Gwen Farrelly, director of Global Partners + Programs, one of the three RISD departments that helped organize last week’s discussion.
Professor of Interior Architecture Eduardo Duarte (a native of Portugal) approached the global question from the opposite perspective: of introducing RISD ideas and professors into the wider world. Duarte talked about his fall Interior Architecture studio Layered Worlds, which included a nine-day residency at Carpe Diem, an art center in Lisbon where RISD students exhibited site-specific installations. Duarte engaged his overseas partners virtually before the actual trip, which set the students up for “a fantastic engagement.”
Alumni Sara Greenberger Rafferty 00 PH (whose acrylic polymer and inkjet print is shown above) and Laura Owens 92 PT are among the leading contemporary artists whose work will appear in the 2014 Whitney Biennial, which opens a week from today in NYC.
A story in today’s New York Times highlights Owens for being among the “women [who] are revitalizing abstract painting.”
A detail from Owens’ Untitled (2013, oil, flashe, acrylic, bike wheels, training wheels, wagon wheels, and tricycle wheel on linen, 108 x 84”)
Based in Los Angeles, Owens is represented by Gavin Brown in NYC, Sadie Coles in London and Galerie Gisela Capitain in Cologne.
Another Owens painting from 2013 (charcoal, resin, acrylic and oil paint on linen, 137.5 x 120”)
Rafferty works out of her studio in Brooklyn (below), where she pushes the bounds of photography, often working with acrylic polymer, acetate, Plexiglas and other unorthodox materials in making compelling pictures. She’s represented by Rachel Uffner Gallery on the Lower East Side.
“Together, the 103 participants [in this year’s biennial] offer one of the broadest and most diverse takes on art in the United States that the Whitney has offered in many years,” notes Donna De Salvo, chief curator and deputy director for programs at the Whitney.
True to form, with the start of spring semester a couple of weeks ago, students across campus dove back in wherever they had left off.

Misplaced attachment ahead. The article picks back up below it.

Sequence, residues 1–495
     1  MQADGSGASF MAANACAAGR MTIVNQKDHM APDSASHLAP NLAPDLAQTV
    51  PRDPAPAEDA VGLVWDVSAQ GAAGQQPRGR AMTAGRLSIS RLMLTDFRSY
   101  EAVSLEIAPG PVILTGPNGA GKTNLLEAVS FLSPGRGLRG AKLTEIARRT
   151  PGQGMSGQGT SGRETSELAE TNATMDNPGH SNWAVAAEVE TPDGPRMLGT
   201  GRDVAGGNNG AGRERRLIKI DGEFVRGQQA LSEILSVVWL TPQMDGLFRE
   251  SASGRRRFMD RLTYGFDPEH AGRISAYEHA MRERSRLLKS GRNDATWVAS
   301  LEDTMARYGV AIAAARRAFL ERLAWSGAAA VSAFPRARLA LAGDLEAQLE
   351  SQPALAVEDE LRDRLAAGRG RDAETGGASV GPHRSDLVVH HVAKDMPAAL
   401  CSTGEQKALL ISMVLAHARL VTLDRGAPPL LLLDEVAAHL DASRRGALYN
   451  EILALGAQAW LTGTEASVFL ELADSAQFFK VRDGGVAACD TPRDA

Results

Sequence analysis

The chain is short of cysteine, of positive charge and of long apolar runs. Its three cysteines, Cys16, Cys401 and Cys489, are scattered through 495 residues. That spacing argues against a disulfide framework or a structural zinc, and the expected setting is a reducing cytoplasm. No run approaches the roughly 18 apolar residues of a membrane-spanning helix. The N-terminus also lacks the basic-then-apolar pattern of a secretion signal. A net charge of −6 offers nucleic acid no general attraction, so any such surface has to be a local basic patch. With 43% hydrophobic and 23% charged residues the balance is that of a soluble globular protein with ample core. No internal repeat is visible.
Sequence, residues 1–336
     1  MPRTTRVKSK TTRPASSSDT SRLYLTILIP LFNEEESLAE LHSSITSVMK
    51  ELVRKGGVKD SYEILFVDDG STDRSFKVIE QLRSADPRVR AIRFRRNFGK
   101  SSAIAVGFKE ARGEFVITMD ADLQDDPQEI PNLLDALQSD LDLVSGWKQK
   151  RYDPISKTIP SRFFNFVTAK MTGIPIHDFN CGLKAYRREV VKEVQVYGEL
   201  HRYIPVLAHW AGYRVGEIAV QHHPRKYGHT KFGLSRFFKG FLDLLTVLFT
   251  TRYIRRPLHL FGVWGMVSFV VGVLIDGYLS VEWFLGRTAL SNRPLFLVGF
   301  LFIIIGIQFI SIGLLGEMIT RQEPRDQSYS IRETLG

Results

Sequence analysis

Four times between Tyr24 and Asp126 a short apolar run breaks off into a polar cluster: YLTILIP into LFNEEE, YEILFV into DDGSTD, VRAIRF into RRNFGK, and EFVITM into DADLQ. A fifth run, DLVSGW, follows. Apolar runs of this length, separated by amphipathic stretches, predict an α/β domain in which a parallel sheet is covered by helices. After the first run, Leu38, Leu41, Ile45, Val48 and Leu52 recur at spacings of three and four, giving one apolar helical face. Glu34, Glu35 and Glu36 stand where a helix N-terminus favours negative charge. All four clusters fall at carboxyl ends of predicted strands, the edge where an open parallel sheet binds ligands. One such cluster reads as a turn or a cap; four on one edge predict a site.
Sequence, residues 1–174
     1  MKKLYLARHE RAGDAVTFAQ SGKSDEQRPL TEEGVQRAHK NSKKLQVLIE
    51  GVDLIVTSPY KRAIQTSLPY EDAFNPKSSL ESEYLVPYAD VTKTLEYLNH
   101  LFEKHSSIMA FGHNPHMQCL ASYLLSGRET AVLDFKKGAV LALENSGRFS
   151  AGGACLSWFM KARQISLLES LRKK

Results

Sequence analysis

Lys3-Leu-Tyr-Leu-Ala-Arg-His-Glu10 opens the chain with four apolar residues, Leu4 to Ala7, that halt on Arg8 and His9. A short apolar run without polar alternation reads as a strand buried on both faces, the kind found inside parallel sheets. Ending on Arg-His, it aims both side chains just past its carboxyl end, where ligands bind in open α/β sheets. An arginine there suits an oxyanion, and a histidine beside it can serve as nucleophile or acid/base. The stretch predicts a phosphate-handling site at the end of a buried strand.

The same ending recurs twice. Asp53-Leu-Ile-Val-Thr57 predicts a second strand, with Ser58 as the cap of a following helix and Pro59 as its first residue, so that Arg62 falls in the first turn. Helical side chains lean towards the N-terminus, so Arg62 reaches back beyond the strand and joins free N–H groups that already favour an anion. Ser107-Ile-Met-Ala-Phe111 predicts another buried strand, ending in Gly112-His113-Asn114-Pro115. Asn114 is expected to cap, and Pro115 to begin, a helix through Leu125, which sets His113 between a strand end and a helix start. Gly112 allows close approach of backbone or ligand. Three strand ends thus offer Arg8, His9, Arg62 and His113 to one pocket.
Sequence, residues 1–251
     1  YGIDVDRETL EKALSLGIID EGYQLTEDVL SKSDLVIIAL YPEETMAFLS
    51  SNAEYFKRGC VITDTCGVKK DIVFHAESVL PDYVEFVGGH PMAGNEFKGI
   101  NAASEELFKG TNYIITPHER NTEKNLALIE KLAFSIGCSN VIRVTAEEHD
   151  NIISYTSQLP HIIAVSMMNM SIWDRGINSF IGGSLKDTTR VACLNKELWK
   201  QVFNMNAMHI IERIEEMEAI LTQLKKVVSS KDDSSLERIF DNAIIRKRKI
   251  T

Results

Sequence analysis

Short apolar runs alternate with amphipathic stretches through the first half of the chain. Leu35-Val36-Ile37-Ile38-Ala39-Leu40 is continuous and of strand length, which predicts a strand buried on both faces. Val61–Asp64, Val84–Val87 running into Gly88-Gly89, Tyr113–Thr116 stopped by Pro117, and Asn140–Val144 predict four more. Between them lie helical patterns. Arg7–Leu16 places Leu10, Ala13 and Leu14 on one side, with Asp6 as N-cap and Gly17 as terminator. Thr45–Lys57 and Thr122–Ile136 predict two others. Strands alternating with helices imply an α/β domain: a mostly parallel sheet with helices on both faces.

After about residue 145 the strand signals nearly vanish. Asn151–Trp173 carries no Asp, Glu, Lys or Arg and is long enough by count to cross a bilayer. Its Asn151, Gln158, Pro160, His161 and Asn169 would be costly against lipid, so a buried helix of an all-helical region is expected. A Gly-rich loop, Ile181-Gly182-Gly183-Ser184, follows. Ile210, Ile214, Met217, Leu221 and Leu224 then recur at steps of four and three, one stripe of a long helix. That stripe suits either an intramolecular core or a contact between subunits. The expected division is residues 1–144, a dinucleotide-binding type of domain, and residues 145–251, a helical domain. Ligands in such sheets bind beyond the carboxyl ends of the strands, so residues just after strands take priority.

In Graphic Design all sophomores are continuing to develop their personal relationships with typography in one of the five Type II sections offered this semester.
Adjunct faculty member Micah Barrett 12 GD shared these photos from the first week of his section, where students began by working on letter dissections and patterns as a means of further honing their eye and feel for type.
Over the course of the semester, a serious series of assignments that require painstaking precision and a thoughtful approach to sequence and relationships enables students to better understand letter spacing, the impact of scale and why an acute sensitivity to type really matters for the success of strong work in graphic design.
Half Woman Quarter Bird, a 1974 bronze sculpture by Howard Newman 69 ID, is included in a new exhibition opening today at the Smithsonian American Art Museum in Washington, DC. Modern American Realism: The Sara Roby Foundation Collection “encompasses the range of what can broadly be called modern realism, from socio-political to psychological, from satirical to surrealist.” The 70 paintings and sculptural works created between 1910 and 1990 will remain on view through August 17.
photo by Dave Hansen
Newman lives in Newport, RI, where he spends his time painting, sculpting and restoring historic metalwork. Though he focused on silversmithing at RISD, he has subsequently moved to bronze. Two of his pieces – Torso #1 (below) and Female Torso (Birth Series) – are on display on the grounds of the Newport Art Museum, and he is currently working on a bronze fountain for Providence’s Decatur Square.
photo by John Bender | RI Public Radio
This morning Rhode Island Public Radio aired an Artscape story on RISD’s VoteLab Wintersession studio. Taught by Graphic Design Critic Benjamin Shaykin MFA 11 GD, the studio on ballot design grew out of research Graphic Design seniors Keela Potter 14 GD and Kelsey Lim 14 GD started last summer as Maharam Fellows working with Rhode Island’s Board of Elections.
You can listen to RIPR’s full 8-minute-long story here.